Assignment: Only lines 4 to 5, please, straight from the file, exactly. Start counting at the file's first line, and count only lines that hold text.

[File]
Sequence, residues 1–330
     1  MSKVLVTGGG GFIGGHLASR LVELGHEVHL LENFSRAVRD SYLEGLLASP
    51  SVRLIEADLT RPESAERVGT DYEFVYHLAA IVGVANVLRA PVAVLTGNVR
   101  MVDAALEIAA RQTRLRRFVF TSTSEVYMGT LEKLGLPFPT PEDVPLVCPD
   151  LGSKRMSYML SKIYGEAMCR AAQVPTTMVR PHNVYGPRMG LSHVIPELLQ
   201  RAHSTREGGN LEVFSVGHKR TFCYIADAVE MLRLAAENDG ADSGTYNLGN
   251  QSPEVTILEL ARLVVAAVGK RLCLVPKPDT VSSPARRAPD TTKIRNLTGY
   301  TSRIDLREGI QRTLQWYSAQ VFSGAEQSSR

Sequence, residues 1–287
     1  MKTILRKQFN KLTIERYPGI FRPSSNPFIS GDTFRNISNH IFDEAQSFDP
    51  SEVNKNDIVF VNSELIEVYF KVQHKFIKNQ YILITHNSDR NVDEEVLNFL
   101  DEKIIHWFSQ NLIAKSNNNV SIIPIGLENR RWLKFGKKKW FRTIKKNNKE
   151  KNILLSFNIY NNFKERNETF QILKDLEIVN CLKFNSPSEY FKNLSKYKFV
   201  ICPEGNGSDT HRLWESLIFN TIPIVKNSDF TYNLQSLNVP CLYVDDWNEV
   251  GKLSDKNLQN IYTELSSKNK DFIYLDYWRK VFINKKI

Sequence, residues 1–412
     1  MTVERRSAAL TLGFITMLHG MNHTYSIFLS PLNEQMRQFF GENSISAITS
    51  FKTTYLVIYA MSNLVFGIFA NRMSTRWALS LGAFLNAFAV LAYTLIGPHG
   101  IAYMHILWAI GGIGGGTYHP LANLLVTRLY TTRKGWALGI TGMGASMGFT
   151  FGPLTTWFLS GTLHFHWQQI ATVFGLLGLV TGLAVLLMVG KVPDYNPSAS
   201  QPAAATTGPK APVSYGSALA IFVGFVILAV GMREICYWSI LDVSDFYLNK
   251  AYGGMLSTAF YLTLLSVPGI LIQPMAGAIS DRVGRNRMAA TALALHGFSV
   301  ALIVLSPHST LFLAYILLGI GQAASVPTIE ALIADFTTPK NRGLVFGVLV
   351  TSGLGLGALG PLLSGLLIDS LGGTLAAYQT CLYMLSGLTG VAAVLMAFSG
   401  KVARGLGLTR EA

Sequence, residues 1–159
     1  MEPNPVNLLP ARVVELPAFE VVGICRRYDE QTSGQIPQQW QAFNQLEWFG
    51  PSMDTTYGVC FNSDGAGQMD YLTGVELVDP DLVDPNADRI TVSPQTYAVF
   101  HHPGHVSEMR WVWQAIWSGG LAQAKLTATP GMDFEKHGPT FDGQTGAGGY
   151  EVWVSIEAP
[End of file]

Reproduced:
   101  MVDAALEIAA RQTRLRRFVF TSTSEVYMGT LEKLGLPFPT PEDVPLVCPD
   151  LGSKRMSYML SKIYGEAMCR AAQVPTTMVR PHNVYGPRMG LSHVIPELLQ